The exhibition is divided into four sections exploring Montañez Ortiz’s contributions to 20th and 21st century art. These include Destruction, which focuses on his early films and assemblages and a large group of “Archaeological Discoveries”, with works from different American and European museum collections seen together for the first time; Decolonization and Guerrilla Tactics, which discusses his Puerto Rican origins and related activism, including his participation in the founding of El Museo del Barrio and his involvement with other groups at the time, such as the Art Workers Coalition, Guerrilla Art Action Group, Taller Boricua and Judson Gallery; Ethnoesthetics, referring to a term invented by him and dealing with forms of resistance to cultural ethnocentrism; and Physio-Psycho Alchemy, which explores the basic concept of his doctoral thesis and the work he has done in this direction, where meditation, ritual and breathing practices are at the center of a series of performative and participatory. In addition, the section presents his videos made in the 1980s where cutting and editing are employed to produce almost hypnotic effects.

As guest curator Julieta González puts it, “the notion of authenticating art, as evoked by Montañez Ortiz, provides the framework for this exhibition – a singular concept that takes on a range of interconnected meanings in its practice, pointing to a series of problems. , experiences and epistemological constructions that nourish his production: from ethnoaesthetics as emerging from a decolonial impulse to the curative dimension of art that he explored with his physio-psycho-alchemy.

Emerging in the context of post-war American neo-avant-garde art and exploring his indigenous, Latin American and Puerto Rican origins, Montañez Ortiz brings a unique voice to the art of his time, influencing successive new generations. young artists. Contextual presentations are intertwined throughout the exhibition, placing her work in dialogue with other practitioners across chronologies, geographies and aesthetic affiliations.

After the presentation at El Museo, the retrospective will travel to Museo Tamayo in Mexico City, where it will be presented from October 15, 2022 to April 2, 2023.


Bank of America is the lead sponsor.

Management support is provided by Tony Bechara. Major support is provided by the Terra Foundation, the Andy Warhol Foundation and the Rockefeller Brothers Fund. Additional support is provided by the New York City Department of Cultural Affairs (DCLA).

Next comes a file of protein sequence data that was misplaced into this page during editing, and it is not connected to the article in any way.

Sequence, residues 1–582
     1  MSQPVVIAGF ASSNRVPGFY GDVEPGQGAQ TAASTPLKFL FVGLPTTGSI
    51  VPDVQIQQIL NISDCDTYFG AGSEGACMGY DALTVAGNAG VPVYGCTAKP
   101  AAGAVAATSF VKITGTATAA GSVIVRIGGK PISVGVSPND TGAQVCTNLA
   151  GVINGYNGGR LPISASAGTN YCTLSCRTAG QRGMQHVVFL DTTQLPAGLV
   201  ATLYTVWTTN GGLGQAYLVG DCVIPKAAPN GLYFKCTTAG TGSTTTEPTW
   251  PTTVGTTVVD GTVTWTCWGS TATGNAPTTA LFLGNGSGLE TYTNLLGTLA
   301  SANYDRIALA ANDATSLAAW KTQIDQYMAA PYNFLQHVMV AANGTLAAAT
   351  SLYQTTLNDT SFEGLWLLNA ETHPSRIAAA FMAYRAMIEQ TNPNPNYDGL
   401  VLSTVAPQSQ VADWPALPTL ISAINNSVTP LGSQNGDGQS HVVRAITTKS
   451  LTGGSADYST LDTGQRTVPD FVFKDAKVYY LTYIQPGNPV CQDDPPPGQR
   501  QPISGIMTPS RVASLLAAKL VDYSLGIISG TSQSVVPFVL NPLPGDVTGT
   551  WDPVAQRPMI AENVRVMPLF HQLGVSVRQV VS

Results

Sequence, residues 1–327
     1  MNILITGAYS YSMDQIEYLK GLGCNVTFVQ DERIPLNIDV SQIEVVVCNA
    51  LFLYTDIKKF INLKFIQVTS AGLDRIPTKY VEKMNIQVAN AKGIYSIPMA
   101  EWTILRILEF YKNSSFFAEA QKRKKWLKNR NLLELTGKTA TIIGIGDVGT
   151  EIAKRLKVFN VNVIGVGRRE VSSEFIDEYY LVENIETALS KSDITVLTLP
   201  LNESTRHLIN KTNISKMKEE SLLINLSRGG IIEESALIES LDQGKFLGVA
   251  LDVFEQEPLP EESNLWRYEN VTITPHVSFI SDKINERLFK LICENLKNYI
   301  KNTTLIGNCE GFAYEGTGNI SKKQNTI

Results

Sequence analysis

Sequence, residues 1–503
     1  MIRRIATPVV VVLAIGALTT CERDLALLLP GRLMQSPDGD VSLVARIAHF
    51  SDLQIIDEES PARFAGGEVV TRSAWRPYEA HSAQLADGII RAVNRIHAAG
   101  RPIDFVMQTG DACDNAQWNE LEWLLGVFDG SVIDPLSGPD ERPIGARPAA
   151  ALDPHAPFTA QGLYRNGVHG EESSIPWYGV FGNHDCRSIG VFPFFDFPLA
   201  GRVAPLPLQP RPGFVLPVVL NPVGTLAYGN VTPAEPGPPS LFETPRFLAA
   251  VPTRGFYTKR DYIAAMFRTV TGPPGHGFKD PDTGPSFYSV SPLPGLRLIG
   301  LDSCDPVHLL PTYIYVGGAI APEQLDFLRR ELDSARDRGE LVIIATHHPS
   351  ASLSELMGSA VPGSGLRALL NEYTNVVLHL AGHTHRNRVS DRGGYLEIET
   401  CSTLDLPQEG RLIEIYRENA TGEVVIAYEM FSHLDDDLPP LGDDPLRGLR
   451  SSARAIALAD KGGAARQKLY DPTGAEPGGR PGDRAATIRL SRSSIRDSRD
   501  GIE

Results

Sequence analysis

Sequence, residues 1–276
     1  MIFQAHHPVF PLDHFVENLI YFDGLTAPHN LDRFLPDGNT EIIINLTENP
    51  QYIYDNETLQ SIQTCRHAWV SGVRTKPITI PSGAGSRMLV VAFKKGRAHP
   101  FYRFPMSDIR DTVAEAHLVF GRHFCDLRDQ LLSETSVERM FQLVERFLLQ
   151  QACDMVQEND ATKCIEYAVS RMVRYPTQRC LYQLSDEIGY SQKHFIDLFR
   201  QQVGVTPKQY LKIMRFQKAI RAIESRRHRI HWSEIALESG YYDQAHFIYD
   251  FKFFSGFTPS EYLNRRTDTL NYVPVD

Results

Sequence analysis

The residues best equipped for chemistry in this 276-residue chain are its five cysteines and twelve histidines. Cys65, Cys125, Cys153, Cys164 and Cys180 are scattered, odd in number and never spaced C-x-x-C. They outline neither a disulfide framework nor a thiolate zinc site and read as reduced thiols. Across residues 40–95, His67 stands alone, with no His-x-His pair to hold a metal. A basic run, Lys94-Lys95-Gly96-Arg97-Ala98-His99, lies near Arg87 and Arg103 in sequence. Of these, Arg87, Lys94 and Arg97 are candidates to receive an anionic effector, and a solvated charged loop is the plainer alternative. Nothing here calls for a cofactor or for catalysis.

Raphael Montanez Ortiz was born into a Puerto Rican family in Brooklyn, New York, where he grew up experiencing the city’s transformation after World War II. He began painting in the vein of abstract expressionism, but soon transformed his work into a particular synthesis of object-making and performance. His upbringing as the child of Latino immigrants is fundamental to his practice and particularly informs how he conceptualized his destructive ritual process in the late 1950s, with reference to his indigenous ancestry. His work has been included in several international exhibitions, such as the Destruction in Art Symposium in London, in 1966, when he presented a piano destruction concert. In 1988, he was the subject of the retrospective Rafael Montañez Ortiz: Years of the Warrior, Years of the Psyche, 1960-1988, at El Museo. Important museum collections include the Tate, London, the Museum of Modern Art and the Whitney Museum of American Art, New York, and the Los Angeles Museum of Contemporary Art. Recent exhibitions include the opening of a career survey at LAXART in Hollywood and the group exhibition Home – So Different, So Appealing, at the Los Angeles County Museum of Art.

El Museo del Barrio is the main Latin American and Latin American cultural institution. The Museum invites visitors from all walks of life to discover the artistic landscape of these communities through its vast permanent collection, its varied exhibitions and publications, its bilingual public programs, its educational activities, its festivals and its special events.

The museum is located at 1230 Fifth Avenue at 104th Street in New York. The Museum is open Thursdays, Fridays, Saturdays and Sundays from 11 a.m. to 5 p.m. Pay what you want. To connect with El Museo via social media, follow us on Facebook, Instagram and Twitter. For more information, please visit

About Monty S. Maynard